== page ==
Ocado Technology, the research division of online grocer Ocado Group Ltd., is no stranger to robotic grippers and grasping techniques. Ocado has been working with European partners to develop soft manipulators, including SoMa, to help fulfill orders in its e-commerce fulfillment centers.
One of Ocado’s main goals is to develop a robot that can reliably pick the 50,000 items it offers and help fulfill an average of 260,000 orders per week. While it is making “significant progress” on SoMa, Ocado today unveiled a suction-based picking system that offers a “more immediate in-house” solution and uses off-the-shelf components.
The new picking solution, which hasn’t been named, is “conceptually simple in its design,” consisting of a suction cup on the end of a Staubli RX160 robot arm. There’s a pipe that connects the arm to an air compressor, allowing the robot to pick up Ocado’s SKUs regardless of their shape and deformability.
The robot uses a 3D vision system to locate an area on the object that’s big enough for the suction cup to latch onto and create an airtight seal. Once that designated grasping point is located on the object, the robot arm lowers the suction cup onto the item. Watch the video below of the system in action:
Graham Deacon, Ocado’s robotics research team leader, wouldn’t specify the picking rate for the robot. He simply said it is “comparable to a person.” He said repeatability is the main reason Ocado wants to automate bin picking inside its fulfillment centers. “We know it’s going to do what it’s supposed to be doing.”
Along the way, the system verifies that the picked item is the correct product, and determines the optimal orientation to rotate it to, before placing it into the crate. The robot can pick up items that weigh up to 300 grams (0.66 pounds), which doesn’t sound like much when compared to other suction-based picking robots. But Deacon said the system isn’t limited to the suction cup it currently uses. “It was convenient,” he said. Using a different suction cup would likely increase the maximum weight the robot could lift.
IAM Robotics’ Swift, for example, is a mobile picking robot that uses suction and can lift up to 15 pounds. IAM also creates models of the SKUs that Swift picks, saying its Flash product dimensioner “in less than one second” records the barcode, 3D dimensions, weight and a high-resolution image of any product” it scans.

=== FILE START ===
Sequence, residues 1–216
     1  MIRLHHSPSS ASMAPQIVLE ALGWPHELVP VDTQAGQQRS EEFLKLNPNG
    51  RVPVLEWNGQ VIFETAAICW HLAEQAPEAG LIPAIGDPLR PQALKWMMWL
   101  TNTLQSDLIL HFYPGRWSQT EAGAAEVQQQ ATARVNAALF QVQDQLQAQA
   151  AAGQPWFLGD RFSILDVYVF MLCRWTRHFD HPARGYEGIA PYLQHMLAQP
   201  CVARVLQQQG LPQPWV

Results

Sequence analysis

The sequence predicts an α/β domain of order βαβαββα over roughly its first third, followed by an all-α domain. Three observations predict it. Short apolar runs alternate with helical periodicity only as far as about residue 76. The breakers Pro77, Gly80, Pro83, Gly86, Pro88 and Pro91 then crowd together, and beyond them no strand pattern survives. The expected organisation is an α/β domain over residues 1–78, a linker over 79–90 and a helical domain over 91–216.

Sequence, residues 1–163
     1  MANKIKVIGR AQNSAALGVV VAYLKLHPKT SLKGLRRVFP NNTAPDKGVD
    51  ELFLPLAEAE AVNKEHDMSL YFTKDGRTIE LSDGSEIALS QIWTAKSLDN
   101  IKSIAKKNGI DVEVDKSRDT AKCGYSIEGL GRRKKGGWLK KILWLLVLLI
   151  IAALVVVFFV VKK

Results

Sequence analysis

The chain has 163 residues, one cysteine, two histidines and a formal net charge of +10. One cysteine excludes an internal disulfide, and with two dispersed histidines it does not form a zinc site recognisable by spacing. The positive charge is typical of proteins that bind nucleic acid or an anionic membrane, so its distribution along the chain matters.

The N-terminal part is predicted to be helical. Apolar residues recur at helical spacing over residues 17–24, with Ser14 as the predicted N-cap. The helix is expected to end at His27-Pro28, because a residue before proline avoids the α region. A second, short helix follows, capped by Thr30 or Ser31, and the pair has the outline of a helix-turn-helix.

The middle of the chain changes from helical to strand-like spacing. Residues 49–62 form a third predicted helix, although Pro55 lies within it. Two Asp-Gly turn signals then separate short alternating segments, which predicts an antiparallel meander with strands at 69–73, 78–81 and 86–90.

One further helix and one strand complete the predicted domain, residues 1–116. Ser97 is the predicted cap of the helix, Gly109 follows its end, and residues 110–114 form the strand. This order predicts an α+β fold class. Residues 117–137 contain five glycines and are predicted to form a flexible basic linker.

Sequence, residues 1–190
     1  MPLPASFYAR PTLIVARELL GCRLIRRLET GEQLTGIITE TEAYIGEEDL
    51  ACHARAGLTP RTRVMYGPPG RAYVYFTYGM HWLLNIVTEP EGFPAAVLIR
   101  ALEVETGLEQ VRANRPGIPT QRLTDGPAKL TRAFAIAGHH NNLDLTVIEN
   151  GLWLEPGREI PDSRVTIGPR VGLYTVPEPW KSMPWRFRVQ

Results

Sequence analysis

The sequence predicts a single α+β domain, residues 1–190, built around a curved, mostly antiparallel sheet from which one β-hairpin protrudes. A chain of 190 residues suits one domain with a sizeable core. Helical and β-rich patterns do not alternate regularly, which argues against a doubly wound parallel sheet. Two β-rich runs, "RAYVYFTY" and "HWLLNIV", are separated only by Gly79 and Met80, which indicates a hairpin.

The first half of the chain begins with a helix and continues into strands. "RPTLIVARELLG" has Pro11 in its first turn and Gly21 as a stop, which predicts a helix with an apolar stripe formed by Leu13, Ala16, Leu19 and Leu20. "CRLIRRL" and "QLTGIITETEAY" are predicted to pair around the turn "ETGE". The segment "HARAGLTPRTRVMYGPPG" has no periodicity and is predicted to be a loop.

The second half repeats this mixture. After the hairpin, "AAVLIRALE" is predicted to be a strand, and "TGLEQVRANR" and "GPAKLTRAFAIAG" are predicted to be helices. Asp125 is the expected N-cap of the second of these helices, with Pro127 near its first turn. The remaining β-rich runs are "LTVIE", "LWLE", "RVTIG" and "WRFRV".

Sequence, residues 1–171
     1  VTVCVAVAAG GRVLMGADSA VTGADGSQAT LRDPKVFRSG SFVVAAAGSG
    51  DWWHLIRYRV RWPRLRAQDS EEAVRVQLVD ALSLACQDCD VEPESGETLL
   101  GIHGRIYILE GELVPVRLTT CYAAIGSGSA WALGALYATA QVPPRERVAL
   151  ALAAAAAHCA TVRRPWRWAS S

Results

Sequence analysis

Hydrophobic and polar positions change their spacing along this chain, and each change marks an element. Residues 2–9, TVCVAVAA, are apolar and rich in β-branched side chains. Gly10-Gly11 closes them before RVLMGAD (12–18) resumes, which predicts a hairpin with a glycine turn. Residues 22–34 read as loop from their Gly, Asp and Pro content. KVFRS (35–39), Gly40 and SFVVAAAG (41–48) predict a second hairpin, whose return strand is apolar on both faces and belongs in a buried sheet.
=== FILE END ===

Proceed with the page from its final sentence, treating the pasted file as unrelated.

Because Ocado’s new system uses suction, porous or corrugated items, Graham said, would be challenging to pick. Graham said built-in sensors prevent items from being crushed or damaged during both picking and placing. The system also ensures items are only released if they can be placed without protruding from the delivery crate.
Ocado is keen on developing technology in-house to own the IP, but it isn’t keen on modelling every SKU in its catalog, as many of today’s picking systems do. But Ocado said “we knew there must be a quicker and more efficient method.” So it took a “model-free” approach when designing this system.
“The short-coming of a model-based approach is that you can only pick up objects that you have a model,” said Deacon. “It’s quite challenging to build 50,000 different models. Our model-free approach just looks for things in its environment – for a patch on each object that can accommodate the suction cup. This is more versatile and less restrictive than a model-based approach.”
Starting in January 2018, Ocado will start to roll out this new picking system in its customer fulfillment centers to expand the number of SKUs it can handle.
Deacon said Ocado is not against selling this system to non-competitors. “If it was worth our while, we would sell it to outsiders. The customer needs to be in a completely different section, such as automotive, but why not?”
Ocado is also working on SecondHands, a Horizon 2020 Project, to develop a robot assistant that is trained to understand maintenance tasks so that it can help maintenance technicians performing routine and preventative maintenance.